While enthusiasm is high among U.S. hemp producers, the industry suffers critical bottlenecks and wide gaps in knowledge that require broad-based research initiatives, according to a government-funded survey of 1,100 hemp stakeholders across 23 states
The survey, financed through the U.S. Department of Agriculture’s Supplemental and Alternative Crops Competitive (SACC) grants program, sought to identify hemp research and education priorities for the next several years. Results are analyzed in an 8-page paper by Shelby Ellison, assistant professor in the University of Wisconsin–Madison Department of Horticulture.
Need for investment
“Responses suggest the strong need for investment in this crop to make it economically viable for stakeholders,” the report concludes, noting “Survey findings can be used by funding entities to develop targeted grant programs to help support this re-emerging crop.”
Stakeholders identified research in economics and the marketing of hemp products as a top priority, with 94% of respondents indicating market research on CBD is “very or extremely important.” Other topics for research considered “very or extremely important” by stakeholders included alternative cannabinoids; food products; hempseed oil; fiber products; hemp biofuels; hemp proteins; and hemp animal feed.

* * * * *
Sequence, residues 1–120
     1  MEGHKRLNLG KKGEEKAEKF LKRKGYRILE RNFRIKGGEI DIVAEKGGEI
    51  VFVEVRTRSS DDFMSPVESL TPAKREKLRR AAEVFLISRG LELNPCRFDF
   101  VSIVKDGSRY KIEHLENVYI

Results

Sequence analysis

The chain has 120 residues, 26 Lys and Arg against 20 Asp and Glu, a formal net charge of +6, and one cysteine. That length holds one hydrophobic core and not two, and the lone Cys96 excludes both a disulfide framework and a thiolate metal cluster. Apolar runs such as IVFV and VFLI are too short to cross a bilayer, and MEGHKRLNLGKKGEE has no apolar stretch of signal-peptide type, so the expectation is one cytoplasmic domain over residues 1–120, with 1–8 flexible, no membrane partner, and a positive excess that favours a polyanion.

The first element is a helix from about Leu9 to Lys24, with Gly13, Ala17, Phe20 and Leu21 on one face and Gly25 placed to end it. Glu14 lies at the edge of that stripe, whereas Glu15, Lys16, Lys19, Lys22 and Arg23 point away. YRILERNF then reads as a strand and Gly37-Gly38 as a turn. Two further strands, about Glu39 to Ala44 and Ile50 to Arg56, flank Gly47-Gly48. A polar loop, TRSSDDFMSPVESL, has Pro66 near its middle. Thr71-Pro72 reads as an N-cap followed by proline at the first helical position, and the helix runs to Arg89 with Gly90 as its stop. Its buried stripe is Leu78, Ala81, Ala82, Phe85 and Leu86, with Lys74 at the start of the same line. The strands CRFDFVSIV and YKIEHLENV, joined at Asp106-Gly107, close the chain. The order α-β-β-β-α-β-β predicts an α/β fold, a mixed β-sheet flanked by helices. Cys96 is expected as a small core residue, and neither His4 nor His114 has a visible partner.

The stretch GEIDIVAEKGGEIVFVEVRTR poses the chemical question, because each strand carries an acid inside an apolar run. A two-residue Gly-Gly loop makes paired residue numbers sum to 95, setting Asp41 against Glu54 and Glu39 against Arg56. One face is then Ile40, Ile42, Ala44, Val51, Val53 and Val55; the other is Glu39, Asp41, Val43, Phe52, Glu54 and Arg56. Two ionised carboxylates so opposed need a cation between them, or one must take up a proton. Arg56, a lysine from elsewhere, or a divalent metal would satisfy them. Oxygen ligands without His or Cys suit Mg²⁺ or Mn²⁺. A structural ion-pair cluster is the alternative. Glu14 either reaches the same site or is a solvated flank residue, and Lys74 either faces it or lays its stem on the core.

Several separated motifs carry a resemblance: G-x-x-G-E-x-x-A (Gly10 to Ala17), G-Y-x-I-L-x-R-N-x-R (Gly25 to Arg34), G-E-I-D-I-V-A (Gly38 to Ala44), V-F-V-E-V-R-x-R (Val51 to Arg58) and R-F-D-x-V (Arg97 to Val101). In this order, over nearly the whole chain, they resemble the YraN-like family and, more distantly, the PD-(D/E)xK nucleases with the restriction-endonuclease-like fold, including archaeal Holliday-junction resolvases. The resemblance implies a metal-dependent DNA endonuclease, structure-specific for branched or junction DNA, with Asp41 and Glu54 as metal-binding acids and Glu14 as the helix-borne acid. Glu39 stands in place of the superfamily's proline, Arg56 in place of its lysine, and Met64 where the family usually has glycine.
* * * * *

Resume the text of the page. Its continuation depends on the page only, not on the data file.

More than 85% of hemp stakeholders who responded to the survey believe additional research is needed to better understand the effects of hemp on human and animal nutrition, suggesting studies should should look at endocannabinoid system interactions and processing, dosing and long-term usage.
Respondents also suggested more research is needed for textiles, THC, construction materials, bioremediation, bioplastics, health benefits, and public opinion.
The survey was developed by the planning committee for the inaugural National Hemp Research and Education Conference, which was funded through the same SACC grant. Industry stakeholders provided additional input for the survey questions. Responses, which focused on the 2019 growing season, were solicited during December 2019 and January 2020 and then analyzed by Ellison.
The survey also found:
Research is needed in engineering, infrastructure and equipment to boost productivity, especially for harvest and post-harvest stages.Regulatory and policy issues are a major concern, requiring directed research.Stakeholders want breeding and genetics studies that lead to stable and uniform cultivars and regional adaptability, and to improve flower quality and seed characteristics.Research is needed to better understand agronomic practices and production systems for hemp such as disease management.There is a substantial need for better and more accessible education and outreach across producers, processors, regulators, consumers and lawmakers.
“Many key research topics are complex and projects will require collaboration across numerous hemp industry sectors in order to assemble the collective knowledge and experience needed to address the questions and needs of this industry,” the report notes, suggesting that veteran stakeholders from countries long experienced in hemp production can be tapped to fill knowledge gaps.
[See the full report: Hemp priorities: Opinions from U.S. hemp stakeholders]